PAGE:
1. I had a couple of friends whose dads had ISDN and it was pretty much all that and a bag of chips. I used to do the same thing wait till the gateway node was dribbling at 8k and then sign back in for the hopes of good ol node 2 opening up lol. Can’t have my postage stamp sized realplayer pr0n gettin all chuggy lol. The ISDNs were not usually under heavy load at least in that geography, so it was amazing coming from pure dial up. I still have the setup discs from a couple of ISPs in my binder “just in case” ;) Good times and fun memories, my friend :)

    2. Motorola Surfboard. That series has been around for a long time and was the butt of many waxing jokes. Very popular modem series when DSL was the best you could hope for as a consumer.

  11. after decades of reluctant, infrequent, and frugal upgrades, i finally have a machine more powerful than i could ever have dreamed of. it has 16GB of ram! and two bad bits! so i wrote a memtest program that eats up and tests 4GB at a time to find and isolate the bad bits.

    even simply wasting 4GB of it, i still have 8GB free. i don’t even know what people do with ram these days

    1. “I don’t even know what people do with ram these days”

      We have Microsoft Teams installed…

      16GB of ram on my work computer, and its currently at 65-66% usage, top culprit? Teams, the next 3 are edge, chrome, and FF (and despite having only 1 tab open its currently at 20-25% cpu usage WTF?), then McAfee scanning taking up far more than it should be.

      Oh yeah, I use a program that is written in Java, that will come and go as the highest culprit from time to time.

      1. “(and despite having only 1 tab open its currently at 20-25% cpu usage WTF?)”

        I recall SunView (windowing software for Sun workstations; circa 1992) used ~25% CPU when running.

    2. I recently built a new desktop and got 32 gigs of DDR4. No more out of memory crashes, not even with ‘leaky’ software that tends to not let go of memory after it’s done using it. Motherboard is an Asrock B450-Pro4 which will take up to 128 gig RAM.

  12. I may yet change the subforum that it’s in, but I’ve launched the discussion of this article here:

    I think the VOGONS crew can take this analysis… and go deeper! And maybe even build it :)

    As for my part, the author here missed some obvious musings based on the “100GB of RAM” – this might be across multiple systems that Al’s character owns. Or, more likely for its time… it might be a “Beowulf cluster”!

  13. I used to want an ISDN line, a T1 was just a dream. Now I have T-Mobile internet at over 100 megabit per second (for $50 a month) which is far far faster than ISDN or T1.

  14. Well, I do love Weird Al (and Dr. Demento where he got his start). But I feel I would be remiss without mentioning the Nerd Core movement and, in particular, Monsy’s Kill Dash Nine which is probably a lot more on the mark for most of us. Warning, if you look it up, though. It has a few NSFW words in it.

    I like that the recorded version starts with him saying (to another Nerd Core rapper, MC++): “Yo! MC++. If you’re such a hardcore computer scientist, how come your track numbers don’t start with zero? B****h!”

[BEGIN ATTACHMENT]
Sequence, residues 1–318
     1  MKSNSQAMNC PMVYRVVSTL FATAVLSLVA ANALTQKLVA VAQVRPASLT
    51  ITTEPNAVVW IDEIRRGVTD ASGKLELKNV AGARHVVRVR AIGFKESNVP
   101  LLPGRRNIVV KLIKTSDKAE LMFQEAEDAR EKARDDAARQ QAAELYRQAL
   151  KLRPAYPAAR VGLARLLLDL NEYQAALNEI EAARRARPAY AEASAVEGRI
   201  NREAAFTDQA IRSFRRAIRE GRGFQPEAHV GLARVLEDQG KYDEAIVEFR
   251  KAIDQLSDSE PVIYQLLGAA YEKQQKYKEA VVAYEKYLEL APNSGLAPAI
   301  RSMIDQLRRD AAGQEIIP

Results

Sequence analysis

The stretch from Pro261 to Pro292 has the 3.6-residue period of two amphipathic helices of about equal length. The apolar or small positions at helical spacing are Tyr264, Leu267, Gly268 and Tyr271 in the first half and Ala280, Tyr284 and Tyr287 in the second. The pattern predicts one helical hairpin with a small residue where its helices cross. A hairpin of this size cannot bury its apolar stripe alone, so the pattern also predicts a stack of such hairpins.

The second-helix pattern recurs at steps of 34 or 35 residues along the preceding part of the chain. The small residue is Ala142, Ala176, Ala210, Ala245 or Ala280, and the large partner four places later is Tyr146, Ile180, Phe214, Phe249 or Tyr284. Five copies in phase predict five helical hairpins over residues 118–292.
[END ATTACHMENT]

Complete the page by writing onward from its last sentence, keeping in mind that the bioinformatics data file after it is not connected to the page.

15. I’ve had hard drives as small as 2MB so yeah, backing one up to floppy disc(s) doesn’t sound too far out there. You don’t even need to evoke superdisks, LS120 or any of that stuff.

  16. I still have my PCBoard and Spitfire BBS software, and remember running my BBS with a bonded ISDN line, and I thought I was on top of the world, running all of it on my PII 450, which actually stayed at the top of the CPU lists for almost a YEAR.

  17. Weird Al said he installed a T1 line. One could argue he never says that he only had a single T1 line. Afterall there were T1 inverse multiplexers in the early to mid 90’s that combined up to 8x T1’s at ~11.5Mbps total, e.g. the Digital Link DL3800 (8xT1) and the Larscom Mega-T (4xT1) were pretty popular in business circles.

    Also, he only claimed to have a flat screen monitor 40 inches wide. He never said it was a CRT. I know that’s nitpicking to suit my own purposes, but is it possible that he had a RGB projector that produced a flat, 40-inch image? Given the largest and best monitors of that era had the same individual RGB hookups, it seems reasonable to me that a man of unlimited means might have had one…if for no other reason than watching the latest Star Wars release on VHS.

    1. It has to be said, with all this talk of T1s and ISDNs, that half the time it didn’t matter. The internet then was a different beast. If your comp was capable of DLing at 52k, the server the website was on might only allow you to DL at 28.8k. When I first got cable I was so excited only to find that most of the stuff I downloaded was limited to 50k anyway. By like 2002, though, almost everything was caught up. Speaking of, does anyone remember “cable spikes”? The bane of online gaming for a while.

  18. For much of 1990, I ran Windows 3.0 on an 8088-10 (10 MHz 16-bit processor) with 8087 math coprocessor.

    My Laser XT (not the classic plastic model; mine was a metal box that looked almost identical to an original IBM PC) maxed out with 640k base RAM, 4.5 MB EMS, dual 20 MB hard disk converted to RLL to give ~30 MB capacity (as long as backed up and repeated the low level formatting every month or so) and two 40 MB drives (one on a bracket/controller mount in a slot, because the original RLL controller I had installed had only two ports); I had upgraded one of the original 360k floppies to a 720k 5 1/4 out of a DEC Rainbow, and then installed a 1.44 MB floppy controller to get 1.2 MB (1.44 wouldn’t hold format) on cheap, used floppy media.

    I had 512 kB SVGA on a 12″ 1024×768 monitor, and just before I replaced the machine with a Laser 286 in 1991 I was running a 2 Mbps peer-to-peer network and had a 14.4k POTS modem. And remember, all of this ran on an 8088 processor — and that ran Windows (poorly; attracted by AOL’s PC interface, I switched to PC-GEOS as soon as it became available as a complete product for PC and stuck with it through my 386 and even into my 486 days).